What is SQL query processing

  • Comment phase When the database server receives a query, it uses a parser to parse the statement and convert it to an algebraic representation, also known as a parse tree. At this stage comes the Parse tree for semantic and syntactic checks (e.g. the confirmation that the objects referenced in the query are available in the catalog) as well as for authorization checks, transformations of KEY JOINs and NATURAL JOINs using defined, referential integrity rules and the expansion of non-materialized views. The output of this phase is a rewritten query in the form of a parse tree that contains the comments (extended information such as data types) for all objects referenced in the original query.

  • Semantic transformation phase In this phase the query goes through iterative semantic transformations. While the query is still represented as an annotated parse tree, rewrite optimizations such as join eliminations, DISTINCT eliminations and predicate normalization are applied in this phase. The semantic transformations in this phase are carried out according to the semantic transformation rules that are heuristically applied to the representation of the parse tree. For more information, see Semantic Query Transformation.

    Queries with plans already cached by the database server skip this phase of query processing. Simple statements can also skip this phase of query processing. Many instructions that use a heuristic plan selection in the bypass mechanism of the optimizer are not processed by the semantic transformation phase. The complexity of the SQL statement determines whether this phase is applied to a statement. For more information, see Plan caching and whether to skip the query processing phase.

  • Optimization phase In the optimization phase, another internal representation of the query - the query optimization structure - is used, which is created from the parse tree. For more information, see How the Optimizer Works.

    Queries with plans already cached by the database server skip this phase of query processing. In addition, simple instructions can also skip this phase of query processing. For more information, see Plan caching and whether to skip the query processing phase.

    This phase is divided into two sub-phases:

    • Pre-optimization phase In the preliminary phase of optimization, the optimization structure is completed by the information that is required later in the enumeration phase. In this phase, the query is analyzed to find all relevant indexes and materialized views that can be used in the query's access plan. For example, at this stage the view matching algorithm determines all of the materialized views that can be used to satisfy all or part of a query. In addition, based on the predicate analysis of the query, the optimizer creates alternative join methods that can be used in the enumeration phase to create a join for the tables in the query. No decision is made at this stage about the best access plan for the query. The aim of this phase is to prepare for the enumeration phase.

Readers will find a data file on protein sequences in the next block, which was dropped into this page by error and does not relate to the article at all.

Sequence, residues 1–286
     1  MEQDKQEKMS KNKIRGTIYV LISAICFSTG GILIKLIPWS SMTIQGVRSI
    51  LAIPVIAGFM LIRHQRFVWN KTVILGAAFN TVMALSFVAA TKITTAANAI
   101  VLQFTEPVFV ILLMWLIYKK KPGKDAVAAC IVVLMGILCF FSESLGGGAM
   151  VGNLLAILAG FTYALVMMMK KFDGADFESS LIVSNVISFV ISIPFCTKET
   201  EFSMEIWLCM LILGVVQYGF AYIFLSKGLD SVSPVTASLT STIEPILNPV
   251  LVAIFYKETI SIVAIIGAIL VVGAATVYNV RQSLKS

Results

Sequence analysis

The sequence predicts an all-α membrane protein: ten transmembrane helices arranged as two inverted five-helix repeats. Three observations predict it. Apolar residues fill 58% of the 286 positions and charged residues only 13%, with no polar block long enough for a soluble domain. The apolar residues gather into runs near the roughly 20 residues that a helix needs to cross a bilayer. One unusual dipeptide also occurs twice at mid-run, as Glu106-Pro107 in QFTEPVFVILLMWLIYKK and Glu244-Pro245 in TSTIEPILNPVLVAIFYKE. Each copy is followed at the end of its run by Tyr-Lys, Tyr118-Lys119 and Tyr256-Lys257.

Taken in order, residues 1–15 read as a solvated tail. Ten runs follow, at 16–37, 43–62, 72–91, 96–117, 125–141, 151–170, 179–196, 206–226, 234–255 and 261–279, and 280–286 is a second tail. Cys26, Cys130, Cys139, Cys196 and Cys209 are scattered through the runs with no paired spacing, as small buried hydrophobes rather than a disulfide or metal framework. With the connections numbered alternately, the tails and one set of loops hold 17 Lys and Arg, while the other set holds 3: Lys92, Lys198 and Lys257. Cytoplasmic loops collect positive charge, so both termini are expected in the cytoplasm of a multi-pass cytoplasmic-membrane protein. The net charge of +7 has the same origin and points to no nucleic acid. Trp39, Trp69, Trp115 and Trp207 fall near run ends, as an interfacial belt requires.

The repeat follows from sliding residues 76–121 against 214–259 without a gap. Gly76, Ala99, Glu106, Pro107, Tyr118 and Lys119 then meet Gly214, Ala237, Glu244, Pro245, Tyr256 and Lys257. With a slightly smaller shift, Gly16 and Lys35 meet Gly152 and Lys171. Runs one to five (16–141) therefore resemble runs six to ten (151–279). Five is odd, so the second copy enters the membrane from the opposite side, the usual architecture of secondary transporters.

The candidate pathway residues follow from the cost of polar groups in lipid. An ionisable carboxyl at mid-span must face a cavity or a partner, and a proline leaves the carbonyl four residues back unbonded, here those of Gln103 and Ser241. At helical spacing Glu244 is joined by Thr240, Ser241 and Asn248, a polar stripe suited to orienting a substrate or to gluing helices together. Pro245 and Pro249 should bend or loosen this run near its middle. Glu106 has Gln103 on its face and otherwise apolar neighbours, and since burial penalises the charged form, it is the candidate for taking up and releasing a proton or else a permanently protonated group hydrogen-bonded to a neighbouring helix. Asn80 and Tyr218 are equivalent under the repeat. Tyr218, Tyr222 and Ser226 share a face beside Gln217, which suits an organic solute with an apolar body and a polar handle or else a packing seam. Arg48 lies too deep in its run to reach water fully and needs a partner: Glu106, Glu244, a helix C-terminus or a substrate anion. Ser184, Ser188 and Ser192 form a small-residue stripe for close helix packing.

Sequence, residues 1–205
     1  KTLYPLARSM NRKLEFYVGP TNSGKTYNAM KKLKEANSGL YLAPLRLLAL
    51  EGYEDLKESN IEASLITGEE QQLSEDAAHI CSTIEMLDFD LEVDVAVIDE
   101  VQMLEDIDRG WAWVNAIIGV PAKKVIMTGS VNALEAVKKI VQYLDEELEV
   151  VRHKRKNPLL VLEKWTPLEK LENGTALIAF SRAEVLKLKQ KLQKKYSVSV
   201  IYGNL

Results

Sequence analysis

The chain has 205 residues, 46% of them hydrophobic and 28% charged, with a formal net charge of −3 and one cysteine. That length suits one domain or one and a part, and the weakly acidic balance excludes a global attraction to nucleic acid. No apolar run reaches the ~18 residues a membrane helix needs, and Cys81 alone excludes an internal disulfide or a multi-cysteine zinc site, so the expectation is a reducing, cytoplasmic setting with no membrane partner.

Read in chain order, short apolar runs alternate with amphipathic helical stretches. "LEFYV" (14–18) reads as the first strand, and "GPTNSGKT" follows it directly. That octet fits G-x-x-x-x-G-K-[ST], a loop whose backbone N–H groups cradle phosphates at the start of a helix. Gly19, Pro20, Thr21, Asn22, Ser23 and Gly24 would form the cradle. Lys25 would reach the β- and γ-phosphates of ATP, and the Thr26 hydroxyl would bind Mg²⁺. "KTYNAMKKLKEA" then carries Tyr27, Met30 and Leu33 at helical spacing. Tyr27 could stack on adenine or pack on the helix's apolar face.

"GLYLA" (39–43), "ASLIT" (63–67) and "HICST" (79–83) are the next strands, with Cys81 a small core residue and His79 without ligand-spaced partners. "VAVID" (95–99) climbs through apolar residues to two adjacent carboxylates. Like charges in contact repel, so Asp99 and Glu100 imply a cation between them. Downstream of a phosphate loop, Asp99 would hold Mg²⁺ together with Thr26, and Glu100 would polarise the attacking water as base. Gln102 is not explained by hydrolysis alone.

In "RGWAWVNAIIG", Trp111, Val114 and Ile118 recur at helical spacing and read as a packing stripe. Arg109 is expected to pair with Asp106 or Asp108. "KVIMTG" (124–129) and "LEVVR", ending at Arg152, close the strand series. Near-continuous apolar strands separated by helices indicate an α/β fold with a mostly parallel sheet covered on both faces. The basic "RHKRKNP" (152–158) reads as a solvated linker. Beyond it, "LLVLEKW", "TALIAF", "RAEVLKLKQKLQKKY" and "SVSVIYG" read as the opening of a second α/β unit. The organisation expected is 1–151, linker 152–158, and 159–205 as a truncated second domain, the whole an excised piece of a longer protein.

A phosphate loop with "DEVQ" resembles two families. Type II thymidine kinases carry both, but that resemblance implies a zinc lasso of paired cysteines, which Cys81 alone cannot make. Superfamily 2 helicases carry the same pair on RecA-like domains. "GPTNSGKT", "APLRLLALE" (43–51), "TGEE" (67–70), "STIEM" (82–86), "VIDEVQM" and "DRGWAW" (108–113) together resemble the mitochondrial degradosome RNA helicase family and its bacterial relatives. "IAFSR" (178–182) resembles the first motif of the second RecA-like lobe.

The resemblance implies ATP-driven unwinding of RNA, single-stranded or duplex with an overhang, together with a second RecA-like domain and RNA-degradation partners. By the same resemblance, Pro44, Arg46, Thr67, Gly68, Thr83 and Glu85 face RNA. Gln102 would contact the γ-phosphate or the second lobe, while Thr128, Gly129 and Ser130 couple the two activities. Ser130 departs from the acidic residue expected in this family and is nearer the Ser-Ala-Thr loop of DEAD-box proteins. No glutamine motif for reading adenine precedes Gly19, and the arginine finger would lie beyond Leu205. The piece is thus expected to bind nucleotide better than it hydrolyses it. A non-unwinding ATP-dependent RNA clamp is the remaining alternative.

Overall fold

• Enumeration phase In this phase the optimizer enumerates possible access plans for the query and uses the modules that were generated in the previous phase of the optimization. The search area is very large and the optimizer uses a proprietary enumeration algorithm to generate and shorten the access plans. A cost estimate is calculated for each plan in order to compare the current plan with the best plan found so far. In these comparisons, expensive plans are discarded. The cost estimate takes into account resource usage such as disk and memory operations, the estimated number of rows for the intermediate results, the optimization target, the cache size, and so on. The result of the enumeration phase is the best access plan for the query.

  • Plan creation phase The plan build phase uses the best access plan to build the appropriate final representation of the query execution plan to run the query. You can view a graphical version of the plan in the plan viewer in Interactive SQL. The graphical plan has a tree structure in which each node is a physical operator that implements a specific relational, algebraic operation. "Hash-Join" and "Ordered-Group-By" are, for example, physical operators that implement a join or a group-by process. For more information, see Reading graphic plans.

    Queries with plans already cached by the database server skip this phase of query processing. For more information, see Plan caching and whether to skip the query processing phase.

  • Execution phase The result of the query is calculated by the query execution plan that was created in the plan creation phase.